Radiotherapy uses carefully directed beams of radiation to kill cancer cells.

It’s not used very often to treat ovarian cancer, but may be used:

  • after surgery for early ovarian cancer, to kill any cancer cells left behind
  • to shrink tumours and reduce symptoms if ovarian cancer has spread and cannot be cured

Common side effects of radiotherapy include sore skin, tiredness and hair loss in the treated area. These should pass after treatment stops.

Further information

Targeted therapies are medicines that change the way cells work and help to stop cancer from growing and spreading. Not all types of ovarian cancer can be treated with targeted therapies.

There are 2 targeted therapies for ovarian cancer:

  • olaparib (Lynparza)
  • niraparib (Zejula)

These medicines are only suitable for some types of ovarian cancer and may be given if cancer comes back after a course of chemotherapy.

They are taken as a tablet or capsule. The side effects of targeted therapies include:

  • breathlessness
  • feeling sick
  • loss of appetite
  • diarrhoea
  • tiredness

Further information

Research into newer and better treatments for ovarian cancer is ongoing through clinical trials.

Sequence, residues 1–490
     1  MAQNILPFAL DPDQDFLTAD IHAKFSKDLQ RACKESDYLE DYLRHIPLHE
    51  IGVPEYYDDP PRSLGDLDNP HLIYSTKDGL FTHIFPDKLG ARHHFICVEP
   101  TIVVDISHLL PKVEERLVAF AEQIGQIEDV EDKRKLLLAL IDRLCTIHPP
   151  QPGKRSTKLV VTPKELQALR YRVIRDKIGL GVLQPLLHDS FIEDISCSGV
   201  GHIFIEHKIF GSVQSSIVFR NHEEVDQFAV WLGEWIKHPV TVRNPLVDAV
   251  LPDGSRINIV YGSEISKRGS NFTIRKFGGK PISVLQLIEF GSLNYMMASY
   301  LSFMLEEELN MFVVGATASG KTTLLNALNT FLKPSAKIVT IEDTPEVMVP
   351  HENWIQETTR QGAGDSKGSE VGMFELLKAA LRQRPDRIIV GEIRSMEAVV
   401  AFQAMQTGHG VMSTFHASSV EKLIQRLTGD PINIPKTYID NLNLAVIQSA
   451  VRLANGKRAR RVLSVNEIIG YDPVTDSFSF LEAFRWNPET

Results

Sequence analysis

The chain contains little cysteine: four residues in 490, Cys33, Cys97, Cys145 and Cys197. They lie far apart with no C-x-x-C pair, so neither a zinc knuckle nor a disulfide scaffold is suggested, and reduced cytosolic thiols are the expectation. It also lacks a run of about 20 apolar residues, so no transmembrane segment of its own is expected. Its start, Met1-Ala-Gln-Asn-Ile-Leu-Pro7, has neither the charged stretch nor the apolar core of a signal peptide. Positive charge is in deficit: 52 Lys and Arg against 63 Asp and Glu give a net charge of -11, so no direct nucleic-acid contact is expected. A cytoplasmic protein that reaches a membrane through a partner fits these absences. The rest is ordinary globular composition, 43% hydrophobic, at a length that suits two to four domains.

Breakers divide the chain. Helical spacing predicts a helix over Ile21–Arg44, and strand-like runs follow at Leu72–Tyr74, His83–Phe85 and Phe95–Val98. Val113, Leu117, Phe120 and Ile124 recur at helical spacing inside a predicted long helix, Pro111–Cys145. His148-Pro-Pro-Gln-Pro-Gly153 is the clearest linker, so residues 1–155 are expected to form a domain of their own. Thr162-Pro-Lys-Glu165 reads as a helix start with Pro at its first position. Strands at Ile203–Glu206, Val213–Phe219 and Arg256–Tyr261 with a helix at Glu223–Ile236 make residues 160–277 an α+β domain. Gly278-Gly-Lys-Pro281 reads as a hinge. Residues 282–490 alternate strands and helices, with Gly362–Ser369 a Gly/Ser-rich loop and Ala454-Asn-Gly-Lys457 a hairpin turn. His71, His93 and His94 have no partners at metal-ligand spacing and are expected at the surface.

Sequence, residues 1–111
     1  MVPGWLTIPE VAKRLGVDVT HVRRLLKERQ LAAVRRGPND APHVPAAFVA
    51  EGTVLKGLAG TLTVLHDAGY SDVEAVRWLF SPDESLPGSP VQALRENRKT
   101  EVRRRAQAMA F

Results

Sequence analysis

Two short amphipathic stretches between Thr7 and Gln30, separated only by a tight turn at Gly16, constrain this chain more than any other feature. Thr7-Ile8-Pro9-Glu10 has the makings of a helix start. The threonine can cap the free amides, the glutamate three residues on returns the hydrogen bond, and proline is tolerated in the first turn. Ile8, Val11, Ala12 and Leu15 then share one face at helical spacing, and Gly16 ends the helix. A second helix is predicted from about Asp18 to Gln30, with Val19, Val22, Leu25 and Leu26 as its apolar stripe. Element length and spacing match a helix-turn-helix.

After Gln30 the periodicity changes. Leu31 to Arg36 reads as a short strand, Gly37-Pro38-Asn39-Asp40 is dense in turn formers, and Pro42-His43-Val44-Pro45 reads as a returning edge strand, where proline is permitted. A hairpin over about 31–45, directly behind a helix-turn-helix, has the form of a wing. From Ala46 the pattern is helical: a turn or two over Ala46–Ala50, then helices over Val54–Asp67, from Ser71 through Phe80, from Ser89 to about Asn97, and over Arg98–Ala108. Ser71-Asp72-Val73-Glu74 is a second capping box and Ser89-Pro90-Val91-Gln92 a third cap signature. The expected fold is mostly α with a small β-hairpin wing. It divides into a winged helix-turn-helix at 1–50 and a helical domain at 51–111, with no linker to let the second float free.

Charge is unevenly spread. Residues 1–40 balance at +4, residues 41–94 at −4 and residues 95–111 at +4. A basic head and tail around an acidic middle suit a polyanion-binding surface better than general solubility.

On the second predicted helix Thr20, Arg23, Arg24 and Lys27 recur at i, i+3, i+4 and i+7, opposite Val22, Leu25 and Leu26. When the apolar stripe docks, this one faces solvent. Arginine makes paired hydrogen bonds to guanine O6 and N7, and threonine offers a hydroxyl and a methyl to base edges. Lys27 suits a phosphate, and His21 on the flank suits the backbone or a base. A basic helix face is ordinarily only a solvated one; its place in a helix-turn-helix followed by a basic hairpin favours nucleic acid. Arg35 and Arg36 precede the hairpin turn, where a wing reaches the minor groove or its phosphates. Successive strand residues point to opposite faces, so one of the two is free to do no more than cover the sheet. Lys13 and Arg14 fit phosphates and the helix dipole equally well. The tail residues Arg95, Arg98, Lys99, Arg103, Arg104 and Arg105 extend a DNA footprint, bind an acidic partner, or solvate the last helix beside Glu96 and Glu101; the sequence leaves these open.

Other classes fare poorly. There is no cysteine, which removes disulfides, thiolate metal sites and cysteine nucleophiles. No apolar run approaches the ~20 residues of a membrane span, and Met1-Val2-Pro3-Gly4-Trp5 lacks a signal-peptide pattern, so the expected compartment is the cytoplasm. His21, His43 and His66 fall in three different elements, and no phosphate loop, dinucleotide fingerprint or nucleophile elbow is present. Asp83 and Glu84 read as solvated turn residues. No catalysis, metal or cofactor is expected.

Speak to your care team if you’re interested in participating in a trial as part of your treatment. They can let you know about any research you may be able to get involved in.

It’s important to be aware that you might not get an experimental treatment (you may be given a standard treatment that’s being compared to the new one) and there’s no guarantee that a new treatment will be more effective.

Further information

Living with

Having ovarian cancer can affect your daily life during and after treatment.

Surgery to treat ovarian cancer is a major operation. It can take up to 3 months to fully recover.

You’ll need to take things very easy for at least the first couple of weeks. Rest as much as possible and try to avoid spending too long on your feet.

You can start to gradually return to your normal activities in the following weeks, but be careful to not do too much too soon.

Your care team will let you know about anything you need to avoid while you recover.

For example:

  • you’ll probably need to take 1 to 3 months off work